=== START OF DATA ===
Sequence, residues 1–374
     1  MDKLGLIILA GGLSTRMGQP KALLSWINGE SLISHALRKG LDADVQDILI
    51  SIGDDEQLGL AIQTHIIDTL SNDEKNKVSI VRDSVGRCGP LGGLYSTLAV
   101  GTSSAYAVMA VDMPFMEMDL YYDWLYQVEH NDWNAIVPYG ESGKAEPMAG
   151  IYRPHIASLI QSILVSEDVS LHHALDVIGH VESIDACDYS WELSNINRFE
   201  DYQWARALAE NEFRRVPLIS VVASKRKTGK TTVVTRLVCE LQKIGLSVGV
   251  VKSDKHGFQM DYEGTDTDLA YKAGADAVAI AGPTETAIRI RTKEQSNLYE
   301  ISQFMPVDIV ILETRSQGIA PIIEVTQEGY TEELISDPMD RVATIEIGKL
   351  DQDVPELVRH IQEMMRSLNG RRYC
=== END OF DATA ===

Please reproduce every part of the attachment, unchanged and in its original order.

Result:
Sequence, residues 1–374
     1  MDKLGLIILA GGLSTRMGQP KALLSWINGE SLISHALRKG LDADVQDILI
    51  SIGDDEQLGL AIQTHIIDTL SNDEKNKVSI VRDSVGRCGP LGGLYSTLAV
   101  GTSSAYAVMA VDMPFMEMDL YYDWLYQVEH NDWNAIVPYG ESGKAEPMAG
   151  IYRPHIASLI QSILVSEDVS LHHALDVIGH VESIDACDYS WELSNINRFE
   201  DYQWARALAE NEFRRVPLIS VVASKRKTGK TTVVTRLVCE LQKIGLSVGV
   251  VKSDKHGFQM DYEGTDTDLA YKAGADAVAI AGPTETAIRI RTKEQSNLYE
   301  ISQFMPVDIV ILETRSQGIA PIIEVTQEGY TEELISDPMD RVATIEIGKL
   351  DQDVPELVRH IQEMMRSLNG RRYC